Contractor Mike Brown appeared on behalf of Rosemarie Zengen to continue the pre-application conference on the construction of a 2,400 sq. ft. building with a first-floor apartment for Zengen on a 2.95 acre parcel located at 7314 S. Broadway. Brown discussed changing his original idea of a lodge to a single-family dwelling. But Building Inspector Bob Fennell told the board the property is too big and too far from the current structures on Rt.9 for the expansion — a non-conforming use already applies to those structures, which include an antiques business, several cottages and a primary residence The board concluded that the existing 25 ft. wide driveway, which opens onto Metzger Road, is the real issue because the road frontage isn’t wide enough. They suggested Brown apply to the Zoning Board of Appeals to create a flag lot, which would reduce the required road frontage from 95 feet to 50 feet, allowing some of the current frontage to be added to a wider driveway.

Lasher Rd. daycare permit discussed
Katherine Gagin returned after a 9 month absence to continue discussing her proposed residential daycare center on a .40-acre parcel at 388 Lasher Road. She is applying to care for up to 6 children ages 2 ½ to 6. She came with a rudimentary site plan and said the state has told her she must have enough fencing for a play yard to accommodate the six children according to state standards and so she will be adding 1,600 ft. of white wood fencing no more than 3.5 ft. high. The board was concerned with parking, because the spaces are in the middle of pedestrian access and board members thought cars could back up and hit the children. Gagin agreed to move the parking spaces and said she didn’t want a sign and the outdoor lights for the site will be 10 to 15 ft. high. The board requested a revised site plan clarifying the scale, the technical specifications of the lighting and all other planned changes before they can schedule a public hearing.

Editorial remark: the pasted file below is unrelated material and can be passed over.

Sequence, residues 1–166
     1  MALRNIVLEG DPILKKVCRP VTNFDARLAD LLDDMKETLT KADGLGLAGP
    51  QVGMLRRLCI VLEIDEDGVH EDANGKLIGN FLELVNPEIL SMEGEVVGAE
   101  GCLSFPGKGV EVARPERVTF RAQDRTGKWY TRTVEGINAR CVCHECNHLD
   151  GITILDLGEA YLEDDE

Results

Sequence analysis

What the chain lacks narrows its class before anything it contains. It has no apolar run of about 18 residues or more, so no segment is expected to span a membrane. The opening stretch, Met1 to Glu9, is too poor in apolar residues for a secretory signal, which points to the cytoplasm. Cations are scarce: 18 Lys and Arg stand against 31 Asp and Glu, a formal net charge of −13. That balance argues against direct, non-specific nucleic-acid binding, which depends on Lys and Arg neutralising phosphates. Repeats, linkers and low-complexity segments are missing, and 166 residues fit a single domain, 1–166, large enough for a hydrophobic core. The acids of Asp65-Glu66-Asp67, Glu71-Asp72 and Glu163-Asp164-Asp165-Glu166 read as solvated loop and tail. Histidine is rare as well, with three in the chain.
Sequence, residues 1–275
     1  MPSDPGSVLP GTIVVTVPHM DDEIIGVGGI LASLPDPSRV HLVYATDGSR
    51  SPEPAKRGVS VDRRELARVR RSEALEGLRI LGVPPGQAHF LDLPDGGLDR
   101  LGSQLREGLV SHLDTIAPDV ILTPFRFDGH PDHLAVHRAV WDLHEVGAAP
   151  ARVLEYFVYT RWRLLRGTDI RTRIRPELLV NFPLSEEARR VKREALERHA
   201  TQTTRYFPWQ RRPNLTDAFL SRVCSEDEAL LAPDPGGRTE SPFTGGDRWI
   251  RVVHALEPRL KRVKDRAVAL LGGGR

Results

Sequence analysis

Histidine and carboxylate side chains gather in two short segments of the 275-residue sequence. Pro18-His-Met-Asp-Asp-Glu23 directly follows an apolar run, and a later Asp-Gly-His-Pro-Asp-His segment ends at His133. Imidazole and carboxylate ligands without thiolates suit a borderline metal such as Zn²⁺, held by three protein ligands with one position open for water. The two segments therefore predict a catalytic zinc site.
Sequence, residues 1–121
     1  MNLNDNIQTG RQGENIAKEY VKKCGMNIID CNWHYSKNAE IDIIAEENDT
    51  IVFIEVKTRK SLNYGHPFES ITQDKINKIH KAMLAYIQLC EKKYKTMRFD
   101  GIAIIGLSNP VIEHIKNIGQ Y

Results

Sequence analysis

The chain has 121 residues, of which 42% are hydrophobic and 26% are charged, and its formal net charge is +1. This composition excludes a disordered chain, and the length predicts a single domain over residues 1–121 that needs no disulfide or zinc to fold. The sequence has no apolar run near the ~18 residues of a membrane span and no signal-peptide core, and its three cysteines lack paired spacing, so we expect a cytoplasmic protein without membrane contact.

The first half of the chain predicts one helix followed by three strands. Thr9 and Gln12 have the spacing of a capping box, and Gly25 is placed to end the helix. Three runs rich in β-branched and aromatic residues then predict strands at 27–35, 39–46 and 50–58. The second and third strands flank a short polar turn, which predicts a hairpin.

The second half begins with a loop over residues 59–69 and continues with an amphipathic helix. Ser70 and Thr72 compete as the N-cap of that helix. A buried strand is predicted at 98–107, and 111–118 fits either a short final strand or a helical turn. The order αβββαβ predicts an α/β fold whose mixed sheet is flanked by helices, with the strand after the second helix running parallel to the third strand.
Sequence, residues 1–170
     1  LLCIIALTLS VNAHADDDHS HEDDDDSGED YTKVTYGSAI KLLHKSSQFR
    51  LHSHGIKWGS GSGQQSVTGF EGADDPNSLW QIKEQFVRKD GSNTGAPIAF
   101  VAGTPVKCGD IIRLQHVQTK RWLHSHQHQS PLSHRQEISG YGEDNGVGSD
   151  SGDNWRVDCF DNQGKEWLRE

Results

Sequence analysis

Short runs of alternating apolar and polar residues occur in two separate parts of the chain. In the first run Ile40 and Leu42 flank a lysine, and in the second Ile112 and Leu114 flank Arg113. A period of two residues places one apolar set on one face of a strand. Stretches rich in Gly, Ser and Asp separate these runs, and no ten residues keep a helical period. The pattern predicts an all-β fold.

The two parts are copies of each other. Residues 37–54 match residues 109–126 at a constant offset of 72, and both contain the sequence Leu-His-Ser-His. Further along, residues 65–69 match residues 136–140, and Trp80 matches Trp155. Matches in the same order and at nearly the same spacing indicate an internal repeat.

Red Hook Self-Storage requests confirmation from town on road plan
Marty Willms, owner of Red Hook Self-Storage at 19 Maizeland Rd., wants to put another building at the back of his self-storage lot. In previous discussions with the board the request was put on hold because of plans by the town to build a road there. Since it has been 5 years and nothing has happened with the road, Willms requested further information. The board decided the proposal is a type 2 SEQR action and agreed to send the Town Board a letter asking for clarification on the road plans. A continued discussion was tentatively scheduled for the Aug. 4 meeting.

In other action
Architect Warren Temple Smith presented a proposal to build a new gift shop at the Old Rhinebeck Aerodrome site at 9 Norton Road in Red Hook. It will replace the current shop, use the same building footprint but include bathrooms. Smith said the aerodrome has already received approval from the county’s Department of Health for the septic system and is now trying to raise funds for the building. The board declared itself lead agency for SEQR review and termed the project a Type-2 action. Continued discussion is expected at the board’s Aug. 4 meeting. …Plimpton and Hills Corp. of 7311 South Broadway asked for a 90-day extension of their conditional site plan approval in order to finish the landscaping in Phase 1 of the project. The company has asked town Building Inspector Bob Fennell for a temporary Certificate of Occupancy. The board approved the extension but left the CO up to Fennell with the condition that if a CO is issued, a performance bond should be attached. …The board also granted a request by Red Hook Diner to modify its landscaping plan. Instead of planting four, 12-14 ft. Norway Spruce trees, it wants to plant smaller, 6-8 ft. Norway Spruce trees. …The Catlin minor subdivision at 38 North Drive got another 90-day extension for conditional approval of their plan to create 3 residential building lots of 2.72 acres, 4.19 acres and 4.34 acres from an 11.26-acre lot. …Also getting another 90-day extension was “From the Ground” Brewery at 245 Guski Road, on the Migliorelli property, for their conditional site plan approval. The applicant said the state approved their license to operate but further preparations are necessary.


Food cart at Milan Market site proposed